As the unflagging Avatar looks set to overtake Titanic as the biggest international film of all time, Jeremy Kay looks at the Herculean effort it has taken to carry James Cameron’s vision from drawing board to 15,000 screens 


The handful of executives who gathered in an old print vault on the 20th Century Fox lot in 2007 - known as the War Room - knew two things for sure when they sat down to discuss long-term strategy: James Cameron’s vision for his 3D space opera was sumptuous, intoxicating even, and it would take an intimidating amount of work to get it seen by the global audience it deserved.

Fast forward almost three years to December 10, 2009, and a screaming crowd has braved a cold night for the world premiere of Avatar at London’s Odeon Leicester Square. Inside, Fox International co-presidents Paul Hanneman and Tomas Jegeus, both part of that War Room conclave, are feeling somewhat overwhelmed.

“We started planning the minute the film was greelit because we knew how big an endeavour this would be”.

Tomas Jegeus

“It almost brought tears to my eyes,” Hanneman said, speaking from Los Angeles last week. “To see the 10-minute standing ovation was incredible. I felt relief that we’d finally made it.” A week after the premiere, Fox International unleashed Avatar on 14,604 screens in 65 international markets day and date with North America, generating $165.5m and setting a trail of industry and Fox overseas launch records. “We thought that was a good start. We knew word of mouth was going to be huge.”

To get from that first strategy meeting to Avatar’s world-beating status required a Herculean effort. “We started planning the minute the film was greenlit because we knew how big an endeavour this would be,” Jegeus says. “We’d both worked on Titanic.” (At the time, Jegeus was marketing director for Fox in the UK and Hanneman was senior vice-president of Fox Asia-Pacific.)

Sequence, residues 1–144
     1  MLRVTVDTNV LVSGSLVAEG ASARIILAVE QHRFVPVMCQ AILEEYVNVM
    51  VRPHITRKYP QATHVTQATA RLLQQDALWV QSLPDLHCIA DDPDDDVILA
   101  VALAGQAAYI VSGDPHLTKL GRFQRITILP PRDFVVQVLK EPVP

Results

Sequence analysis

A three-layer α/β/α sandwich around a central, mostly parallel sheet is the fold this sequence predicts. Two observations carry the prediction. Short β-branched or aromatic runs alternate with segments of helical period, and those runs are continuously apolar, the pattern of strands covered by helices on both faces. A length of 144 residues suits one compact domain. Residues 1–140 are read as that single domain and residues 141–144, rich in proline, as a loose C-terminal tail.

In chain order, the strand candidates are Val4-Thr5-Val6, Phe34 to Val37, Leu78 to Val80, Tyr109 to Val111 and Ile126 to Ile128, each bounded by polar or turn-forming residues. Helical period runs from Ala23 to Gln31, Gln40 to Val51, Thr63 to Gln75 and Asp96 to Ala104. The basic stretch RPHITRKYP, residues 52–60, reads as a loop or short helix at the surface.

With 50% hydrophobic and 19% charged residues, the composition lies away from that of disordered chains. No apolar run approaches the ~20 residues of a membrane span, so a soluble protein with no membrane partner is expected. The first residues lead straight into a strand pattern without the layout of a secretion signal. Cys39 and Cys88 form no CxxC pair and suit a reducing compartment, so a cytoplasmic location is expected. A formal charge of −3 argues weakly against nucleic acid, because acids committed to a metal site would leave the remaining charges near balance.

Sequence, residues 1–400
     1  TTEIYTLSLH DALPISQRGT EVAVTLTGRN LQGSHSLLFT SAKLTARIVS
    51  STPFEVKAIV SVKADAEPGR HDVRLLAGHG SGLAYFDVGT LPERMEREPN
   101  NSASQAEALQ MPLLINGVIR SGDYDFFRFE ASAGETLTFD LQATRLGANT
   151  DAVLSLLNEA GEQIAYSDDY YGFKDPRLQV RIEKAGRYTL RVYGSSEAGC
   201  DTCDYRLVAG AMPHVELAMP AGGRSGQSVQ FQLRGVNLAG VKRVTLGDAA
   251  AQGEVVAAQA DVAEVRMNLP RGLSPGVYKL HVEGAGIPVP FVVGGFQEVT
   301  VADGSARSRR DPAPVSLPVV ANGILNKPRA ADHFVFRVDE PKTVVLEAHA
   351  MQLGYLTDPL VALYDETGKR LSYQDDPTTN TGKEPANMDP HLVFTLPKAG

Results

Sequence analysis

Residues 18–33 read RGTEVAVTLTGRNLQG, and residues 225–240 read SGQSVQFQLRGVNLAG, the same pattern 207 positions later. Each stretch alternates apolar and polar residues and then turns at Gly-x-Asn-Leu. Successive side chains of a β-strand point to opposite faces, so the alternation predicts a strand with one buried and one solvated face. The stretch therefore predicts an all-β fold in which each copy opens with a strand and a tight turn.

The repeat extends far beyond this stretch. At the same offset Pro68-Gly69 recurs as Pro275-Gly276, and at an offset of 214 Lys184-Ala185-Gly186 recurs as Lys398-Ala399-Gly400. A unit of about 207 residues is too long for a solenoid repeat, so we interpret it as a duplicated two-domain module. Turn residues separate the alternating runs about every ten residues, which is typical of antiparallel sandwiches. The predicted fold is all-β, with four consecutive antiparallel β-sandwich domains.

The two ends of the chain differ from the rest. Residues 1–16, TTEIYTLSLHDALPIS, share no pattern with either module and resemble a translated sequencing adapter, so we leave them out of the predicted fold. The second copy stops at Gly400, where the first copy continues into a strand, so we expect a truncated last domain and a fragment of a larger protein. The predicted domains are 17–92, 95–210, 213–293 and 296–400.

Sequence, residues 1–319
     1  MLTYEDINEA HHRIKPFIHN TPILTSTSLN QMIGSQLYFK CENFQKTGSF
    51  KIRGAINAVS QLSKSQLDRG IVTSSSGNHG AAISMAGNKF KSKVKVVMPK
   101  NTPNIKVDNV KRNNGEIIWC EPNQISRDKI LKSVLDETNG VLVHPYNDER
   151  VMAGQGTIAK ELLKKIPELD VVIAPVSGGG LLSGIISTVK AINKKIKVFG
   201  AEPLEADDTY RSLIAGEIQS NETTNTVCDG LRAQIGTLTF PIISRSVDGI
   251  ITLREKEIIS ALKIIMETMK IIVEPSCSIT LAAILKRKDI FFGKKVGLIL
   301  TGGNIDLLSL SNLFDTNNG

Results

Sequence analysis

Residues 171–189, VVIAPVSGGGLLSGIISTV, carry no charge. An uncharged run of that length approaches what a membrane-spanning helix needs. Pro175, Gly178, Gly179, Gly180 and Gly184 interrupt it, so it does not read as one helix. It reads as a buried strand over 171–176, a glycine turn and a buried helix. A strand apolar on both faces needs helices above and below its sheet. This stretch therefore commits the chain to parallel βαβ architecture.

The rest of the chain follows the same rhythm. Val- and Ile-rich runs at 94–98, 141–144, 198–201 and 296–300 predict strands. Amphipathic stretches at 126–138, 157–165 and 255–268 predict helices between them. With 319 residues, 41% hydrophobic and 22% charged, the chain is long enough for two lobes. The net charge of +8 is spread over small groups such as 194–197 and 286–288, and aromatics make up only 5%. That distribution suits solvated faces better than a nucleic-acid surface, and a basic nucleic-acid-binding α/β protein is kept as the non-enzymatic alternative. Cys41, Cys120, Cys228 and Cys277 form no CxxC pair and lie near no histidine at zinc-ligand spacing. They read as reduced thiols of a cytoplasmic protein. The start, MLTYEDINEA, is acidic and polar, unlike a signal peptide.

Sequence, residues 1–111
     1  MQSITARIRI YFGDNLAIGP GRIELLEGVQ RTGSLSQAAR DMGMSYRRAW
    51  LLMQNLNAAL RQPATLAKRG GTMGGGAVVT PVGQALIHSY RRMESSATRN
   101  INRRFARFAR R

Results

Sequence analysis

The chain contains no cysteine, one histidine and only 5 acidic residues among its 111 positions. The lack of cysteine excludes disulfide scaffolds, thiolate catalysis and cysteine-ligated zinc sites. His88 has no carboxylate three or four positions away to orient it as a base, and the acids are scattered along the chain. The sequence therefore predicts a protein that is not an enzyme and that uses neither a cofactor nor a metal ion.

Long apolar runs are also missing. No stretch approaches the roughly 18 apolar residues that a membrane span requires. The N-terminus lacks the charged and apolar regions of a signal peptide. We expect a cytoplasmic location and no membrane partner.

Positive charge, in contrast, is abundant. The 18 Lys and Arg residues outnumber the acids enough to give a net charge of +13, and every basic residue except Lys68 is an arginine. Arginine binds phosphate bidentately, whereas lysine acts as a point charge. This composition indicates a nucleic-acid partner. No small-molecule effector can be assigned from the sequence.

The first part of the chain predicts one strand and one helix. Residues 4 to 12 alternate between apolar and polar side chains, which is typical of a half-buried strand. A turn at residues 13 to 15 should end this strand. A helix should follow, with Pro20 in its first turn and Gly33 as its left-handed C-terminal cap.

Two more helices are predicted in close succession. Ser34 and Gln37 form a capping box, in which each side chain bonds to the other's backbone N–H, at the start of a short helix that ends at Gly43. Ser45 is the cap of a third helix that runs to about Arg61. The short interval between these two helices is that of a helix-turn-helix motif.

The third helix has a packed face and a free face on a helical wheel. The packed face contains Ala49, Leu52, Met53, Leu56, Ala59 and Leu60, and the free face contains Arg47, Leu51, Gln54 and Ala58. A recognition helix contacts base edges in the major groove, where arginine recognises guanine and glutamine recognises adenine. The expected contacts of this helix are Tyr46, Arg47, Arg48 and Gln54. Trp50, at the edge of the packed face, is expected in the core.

1997’s Titanic, Cameron’s last outing, was the one to beat having spent 12 years as “king of the world”, but prior to Avatar that was unthinkable. Now Avatar is on course to take its crown. “We’re going to beat Titanic internationally very soon,” Hanneman adds. “And then it’s a question of how much further it goes.” It took Titanic 123 days to cross $1bn overseas, while Avatar, which like the former has recorded widespread repeat viewings and miniscule box office drop offs, did it in 28 days.

Last weekend, the blue-blooded blockbuster crowned its fifth week of release by adding $128.9m from 14,575 screens in 122 markets to reach $1.12bn.

Combined with the $505m-and-counting North American tally, the global take stood at $1.625bn as of January 18. Compare this to Titanic’s $1.842bn global, $1.242bn international and $600.8m domestic tallies.

“It’s incredible,” Hanneman says. “We sat down several years ago and said, ‘Can we beat Titanic?’ It seemed impossible so we figured we’d aim to be the second biggest movie of all time.” Fox chiefs knew they had something special four years ago when Cameron, who spent more than 14 years working on Avatar, screened a 20-minute pre-vis sequence. Studio top brass took key global personnel on a tour of Cameron’s Lightstorm Entertainment facility. An exhibitor and select press tour to the Weta facility in New Zealand would follow, as well as visits by Cameron and producing partner Jon Landau to Cinema Expo in Amsterdam last June, which culminated in a 40-minute screening of exclusive footage.